Coronavirus in Chile NATIONAL

Covid-19 Vaccinations to Start Early 2021 in Chile

SANTIAGO – Nine months into a coronavirus outbreak that has caused severe damage, more details about vaccination plans are emerging. Thanks to deals made early on with pharmaceutical companies, Chile will get millions of vaccines in the first months of 2021. Over 15 million people can get the vaccine, authorities have said.

With over 15,000 deaths and over 550,000 cases of Covid-19, Chile is hit hard by the coronavirus, not to mention the economic damage the outbreak has caused. The virus is far from under control and authorities are already warning about a second outbreak in January. But after nine months, light is at the end of the tunnel. As more companies are developing coronavirus vaccines, several vaccines have been approved. Chile has struck deals with two major companies, Sinovac from China and AstraZeneca, and aims to start a vaccination campaign early next year.

On Tuesday, President Sebastián Piñera announced details. “Our goal is to start the vaccination process during the first quarter of next year and ensure availability for 15.2 million Chilean citizens,” he said. According to Piñera, those who have higher risk of getting infected, such as health personnel and transportation personnel, among others, will be vaccinated first. Risk groups such as elderly and chronically ill will follow. Piñera assured authorities are working on a nationwide distribution and vaccination plan. He said that the vaccines will be voluntary and free for all.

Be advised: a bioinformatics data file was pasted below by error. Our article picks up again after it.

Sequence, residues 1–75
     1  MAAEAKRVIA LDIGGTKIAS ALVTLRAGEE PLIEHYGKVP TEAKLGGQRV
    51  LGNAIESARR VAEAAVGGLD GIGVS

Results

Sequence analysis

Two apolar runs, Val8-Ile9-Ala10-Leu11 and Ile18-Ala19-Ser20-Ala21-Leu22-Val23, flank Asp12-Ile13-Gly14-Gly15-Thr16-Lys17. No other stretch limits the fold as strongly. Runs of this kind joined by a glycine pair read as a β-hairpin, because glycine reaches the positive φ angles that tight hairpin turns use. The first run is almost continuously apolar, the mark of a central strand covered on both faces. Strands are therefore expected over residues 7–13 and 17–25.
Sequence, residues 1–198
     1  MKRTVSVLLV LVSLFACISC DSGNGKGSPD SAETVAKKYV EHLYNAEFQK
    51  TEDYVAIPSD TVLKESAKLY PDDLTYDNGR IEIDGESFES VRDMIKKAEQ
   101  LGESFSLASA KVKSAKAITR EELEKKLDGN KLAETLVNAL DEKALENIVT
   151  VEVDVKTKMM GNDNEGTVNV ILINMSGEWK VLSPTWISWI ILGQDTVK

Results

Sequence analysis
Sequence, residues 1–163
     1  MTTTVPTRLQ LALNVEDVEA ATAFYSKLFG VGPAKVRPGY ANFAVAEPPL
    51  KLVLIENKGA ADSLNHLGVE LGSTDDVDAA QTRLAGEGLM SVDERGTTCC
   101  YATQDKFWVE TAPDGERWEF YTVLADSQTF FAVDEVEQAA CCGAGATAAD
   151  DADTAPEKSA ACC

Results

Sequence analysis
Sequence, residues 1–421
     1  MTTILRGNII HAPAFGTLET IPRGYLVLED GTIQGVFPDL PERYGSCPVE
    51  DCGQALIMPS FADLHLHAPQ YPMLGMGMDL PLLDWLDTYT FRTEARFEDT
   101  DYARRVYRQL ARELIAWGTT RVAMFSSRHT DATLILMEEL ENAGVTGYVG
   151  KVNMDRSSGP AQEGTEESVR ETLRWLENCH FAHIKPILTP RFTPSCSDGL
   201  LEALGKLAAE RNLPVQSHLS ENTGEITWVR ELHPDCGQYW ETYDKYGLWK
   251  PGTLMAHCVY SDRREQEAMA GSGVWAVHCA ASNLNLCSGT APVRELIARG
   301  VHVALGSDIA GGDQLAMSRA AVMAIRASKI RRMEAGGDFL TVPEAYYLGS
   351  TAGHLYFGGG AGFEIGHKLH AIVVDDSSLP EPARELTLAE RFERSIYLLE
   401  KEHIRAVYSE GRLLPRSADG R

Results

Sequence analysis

Whilst at least four companies are running trials in Chile, the Sinovac vaccine would be available from January. However, the Chinese vaccine is still not through the complete trial phase and approval remains pending.

AstraZeneca’s vaccine, which must be available from March, is the second one. However, this vaccine, developed with Oxford University, has generated some scientific controversy. Earlier claims by the company that the vaccine is at least 90% efficient were disputed after trials showed participants only got one dose, instead of the two necessary for a functioning coronavirus vaccine. Other test results suggest a 70% efficiency.

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